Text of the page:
This film, which is basically the longest narrative film ever made, is a 15-1/2 hour episodic exploration of the character of Franz Biberkopf, "hero" of Alfred Döblin's acclaimed novel, as ... See full summary »
Six days in the life of Wilhelm: a detached man without qualities. He wants to write, so his mother gives him a ticket to Bonn, telling him to live. On the train he meets an older man, an ... See full summary »
Hans Christian Blech
A single woman in her early thirties, Martha (Margit Carstensen) is on vacation with her father in Rome when he has a heart attack and falls down dead. She reacts rather indifferently and ... See full summary »
Rainer Werner Fassbinder
Having revolutionized film editing through such masterworks of montage as Potemkin and Strike, Soviet director Sergei Eisenstein emigrated west in hopes of testing the capabilities of the American film industry.
Sergei M. Eisenstein
Olga and Ruth become friends. Olga is independent, separated from her husband, living with an immigrant pianist, and teaching feminist literature. Ruth is withdrawn, a painter, possibly ... See full summary »
Margarethe von Trotta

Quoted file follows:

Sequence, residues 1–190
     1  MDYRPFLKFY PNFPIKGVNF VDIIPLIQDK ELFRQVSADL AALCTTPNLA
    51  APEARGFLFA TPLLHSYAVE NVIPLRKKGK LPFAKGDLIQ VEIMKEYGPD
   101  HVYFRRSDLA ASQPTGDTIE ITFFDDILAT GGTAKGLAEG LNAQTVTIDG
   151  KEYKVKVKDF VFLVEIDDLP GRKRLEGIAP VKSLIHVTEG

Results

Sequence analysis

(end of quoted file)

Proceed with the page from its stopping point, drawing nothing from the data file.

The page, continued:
I cannot deny when many people think that "Pioniere Von Ingolstadt" (1971) was more of less an apprentice piece for Fassbinder, although he had already done a couple of feature films before. I have also no major arguments against those who criticize that both film and play (by Marielouise Fleisser) are basically content-less (why Brecht seriously recommended to perform it "not as whole, but in its parts"): "Pioneers" come into a small Southern German town, the girls, oppressed by the Bavarian patriarchs, are eager to escape with the next-best soldier who comes across them. However, they are disappointed, because they experience sex where they expect love. And the pioneers build a bridge -a really strange metaphor. Is this bridge, that probably never get finished, a connection between the oppressors and the oppressed, the rich (patriarchs) and the poor (servants, the two female lead-characters Alma and Berta or A and B)? The movie raises more question than it gives an answer why Fassbinder did it. Considering that social problems, especially such involved with women, will become central in Fassbinder's later work, we may speculate that here, he laid out all the topics to which he would come back in his following films.
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